Homeowners get a big tax break when they sell: A capital gains tax exclusion

Homeowners get a big tax break when they sell: A capital gains tax exclusion

Homeowners already know the many tax breaks that Uncle Sam offers, most notably mortgage interest and property tax deductions. Well, he also has good tax news for home sellers: Most of them won't owe the Internal Revenue Service a single dime.

When you sell your primary residence, you can make up to $250,000 in profit if you're a single owner, twice that if you're married, and not owe any capital gains taxes.

"Most people are not going to have a tax obligation unless their gain is huge," says Robert Trinz, senior analyst with Thomson Reuters Checkpoint.

Here's why that buyer may not plan to live in your home

Here's why that buyer may not plan to live in your home

One out of every four homes sold in the Chicago area in 2016 went to buyers who don't plan to live in the property, a phenomenon that sneaked up on almost everybody. 

Just over 26 percent of the homes sold in 2016 in the metropolitan area went to small investors, according to figures Attom Data Solutions compiled exclusively for Crain's. The figure is up from 10 percent a decade earlier. The buyers include those who plan to rent the properties to tenants, rehab them for resale or use them as second homes.

2 Make-or-Break Rules for a Successful 1031 Exchange

2 Make-or-Break Rules for a Successful 1031 Exchange

Perhaps you have heard the term 1031 or like-kind exchange, or maybe you have already gone through the process before. Either way, before you jump into your next exchange, make sure that you know how to do it and what the potential tax consequences are without a 1031 exchange.

When it comes to rental real estate, 1031 exchanges are a great tax deferral tool. A 1031 exchange allows you to essentially “trade up” one property for another. The value of the property and the gain that you would have paid taxes on the sale are reassigned to the replacement property and may be deferred until the replacement property is sold. However, the strategy is only effective if done the right way, and unfortunately that oftentimes does not happen. Let’s take a look at some of the rules.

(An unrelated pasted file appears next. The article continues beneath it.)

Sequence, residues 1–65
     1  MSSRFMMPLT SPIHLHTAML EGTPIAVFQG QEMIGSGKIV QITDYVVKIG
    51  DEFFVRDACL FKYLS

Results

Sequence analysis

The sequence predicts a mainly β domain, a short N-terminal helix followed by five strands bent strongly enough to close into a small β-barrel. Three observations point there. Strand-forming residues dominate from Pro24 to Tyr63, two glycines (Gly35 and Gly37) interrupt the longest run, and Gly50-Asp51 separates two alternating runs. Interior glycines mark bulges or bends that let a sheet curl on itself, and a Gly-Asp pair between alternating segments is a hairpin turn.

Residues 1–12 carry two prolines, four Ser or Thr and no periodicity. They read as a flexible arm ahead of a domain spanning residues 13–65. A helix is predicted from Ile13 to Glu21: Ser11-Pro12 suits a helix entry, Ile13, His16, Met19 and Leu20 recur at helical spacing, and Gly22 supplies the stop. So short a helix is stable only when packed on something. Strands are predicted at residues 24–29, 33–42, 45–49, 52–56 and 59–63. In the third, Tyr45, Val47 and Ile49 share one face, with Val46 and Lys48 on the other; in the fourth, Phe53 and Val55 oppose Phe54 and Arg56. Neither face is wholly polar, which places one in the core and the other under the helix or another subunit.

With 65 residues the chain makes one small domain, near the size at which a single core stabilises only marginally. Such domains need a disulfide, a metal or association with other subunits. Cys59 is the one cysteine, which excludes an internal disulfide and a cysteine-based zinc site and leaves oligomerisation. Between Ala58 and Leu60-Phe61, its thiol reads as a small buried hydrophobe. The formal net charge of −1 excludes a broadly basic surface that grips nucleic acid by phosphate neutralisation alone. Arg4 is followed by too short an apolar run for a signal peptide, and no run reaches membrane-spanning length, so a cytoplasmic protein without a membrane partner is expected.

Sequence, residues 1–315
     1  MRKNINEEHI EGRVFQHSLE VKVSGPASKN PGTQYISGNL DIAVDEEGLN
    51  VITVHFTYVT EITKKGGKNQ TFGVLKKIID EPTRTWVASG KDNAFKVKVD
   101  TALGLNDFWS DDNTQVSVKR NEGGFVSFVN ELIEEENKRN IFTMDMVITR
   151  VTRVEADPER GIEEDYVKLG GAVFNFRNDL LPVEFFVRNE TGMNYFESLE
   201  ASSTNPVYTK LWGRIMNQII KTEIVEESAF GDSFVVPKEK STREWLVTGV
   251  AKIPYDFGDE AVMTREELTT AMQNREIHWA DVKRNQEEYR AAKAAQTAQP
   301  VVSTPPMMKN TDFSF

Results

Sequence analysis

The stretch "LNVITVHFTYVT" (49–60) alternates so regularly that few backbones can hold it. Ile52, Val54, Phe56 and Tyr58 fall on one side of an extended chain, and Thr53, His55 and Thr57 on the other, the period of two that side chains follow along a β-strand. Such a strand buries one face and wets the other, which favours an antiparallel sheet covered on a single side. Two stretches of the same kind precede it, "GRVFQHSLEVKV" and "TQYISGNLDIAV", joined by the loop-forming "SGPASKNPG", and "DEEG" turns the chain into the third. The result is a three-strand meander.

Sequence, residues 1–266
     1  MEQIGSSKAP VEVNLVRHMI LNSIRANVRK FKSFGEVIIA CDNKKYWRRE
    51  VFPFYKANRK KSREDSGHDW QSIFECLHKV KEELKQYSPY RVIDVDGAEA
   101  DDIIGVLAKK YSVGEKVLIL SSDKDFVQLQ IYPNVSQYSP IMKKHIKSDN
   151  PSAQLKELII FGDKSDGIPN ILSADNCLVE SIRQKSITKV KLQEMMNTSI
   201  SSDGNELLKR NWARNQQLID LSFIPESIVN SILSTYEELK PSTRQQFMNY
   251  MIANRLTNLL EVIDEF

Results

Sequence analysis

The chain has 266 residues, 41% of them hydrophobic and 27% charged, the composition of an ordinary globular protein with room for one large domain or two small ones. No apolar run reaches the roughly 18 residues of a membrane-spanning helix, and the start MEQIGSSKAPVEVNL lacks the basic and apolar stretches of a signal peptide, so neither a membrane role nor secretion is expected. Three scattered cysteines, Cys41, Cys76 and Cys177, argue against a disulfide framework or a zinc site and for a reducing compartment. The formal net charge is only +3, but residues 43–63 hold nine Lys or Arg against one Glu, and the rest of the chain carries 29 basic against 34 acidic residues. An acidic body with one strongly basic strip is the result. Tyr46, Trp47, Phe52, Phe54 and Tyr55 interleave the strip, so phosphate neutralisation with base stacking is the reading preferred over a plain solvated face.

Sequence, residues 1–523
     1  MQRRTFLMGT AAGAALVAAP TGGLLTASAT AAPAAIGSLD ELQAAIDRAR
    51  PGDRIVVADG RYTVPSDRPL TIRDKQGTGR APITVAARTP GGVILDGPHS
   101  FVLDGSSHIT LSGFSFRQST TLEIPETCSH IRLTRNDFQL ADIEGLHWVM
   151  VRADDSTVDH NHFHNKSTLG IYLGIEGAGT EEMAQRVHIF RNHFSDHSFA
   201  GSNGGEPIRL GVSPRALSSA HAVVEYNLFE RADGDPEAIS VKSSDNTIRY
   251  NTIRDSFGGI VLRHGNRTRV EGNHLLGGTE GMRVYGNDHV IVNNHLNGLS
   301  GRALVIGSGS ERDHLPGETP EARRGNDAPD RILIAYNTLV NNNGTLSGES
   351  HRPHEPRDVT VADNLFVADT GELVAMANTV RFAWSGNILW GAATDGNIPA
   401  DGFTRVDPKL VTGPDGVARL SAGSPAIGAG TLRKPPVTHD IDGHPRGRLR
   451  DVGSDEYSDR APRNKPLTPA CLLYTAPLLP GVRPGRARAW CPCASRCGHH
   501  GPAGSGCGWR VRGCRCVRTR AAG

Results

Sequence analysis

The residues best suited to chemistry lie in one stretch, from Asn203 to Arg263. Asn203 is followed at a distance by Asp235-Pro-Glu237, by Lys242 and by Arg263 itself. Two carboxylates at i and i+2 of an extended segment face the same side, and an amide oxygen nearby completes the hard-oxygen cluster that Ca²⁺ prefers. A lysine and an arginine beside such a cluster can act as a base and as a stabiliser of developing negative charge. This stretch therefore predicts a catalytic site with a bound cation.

Reverse 1031 News

Reverse 1031 News

A “reverse” exchange occurs when the taxpayer acquires the replacement property before transferring the relinquished property. A “pure” reverse exchange, where the taxpayer owns both the relinquished and replacement properties at the same time, is not permitted. As a workaround, enterprising taxpayers structure “parking” transactions. An accommodation party (“AP”) would acquire and hold the replacement property until the taxpayer could transfer the relinquished property in a customary forward exchange. A major challenge of the parking arrangement was to give the AP enough benefits and burdens of the parked property to be treated as the owner for federal income tax purposes.

4 Rules of a 1031 Exchange

4 Rules of a 1031 Exchange

Let’s say you’ve got yourself a rental property and you’ve worked hard to get rents up and keep expenses low. The property is profitable, and you are looking to trade up by selling it and buying a more expensive property. The problem is that if you sell, you will have to pay capital gains tax on the sale as you would with a fix and flip or wholesale deal. That tax could be a heavy hit if you have sold the property for a gain, and it will stunt your growth as an investor. What can you do?

Rent In Elmhurst Has Skyrocketed More Than Anywhere Else In Chicagoland: Report

Rent In Elmhurst Has Skyrocketed More Than Anywhere Else In Chicagoland: Report

RENTCafe, a nationwide apartment search website, recently released its Chicago Apartment Market Report, which looks at town in Chicagoland that saw the highest jump in rental rates in 2016. The apartment complexes included in the survey were multi-family properties with 50 or more units.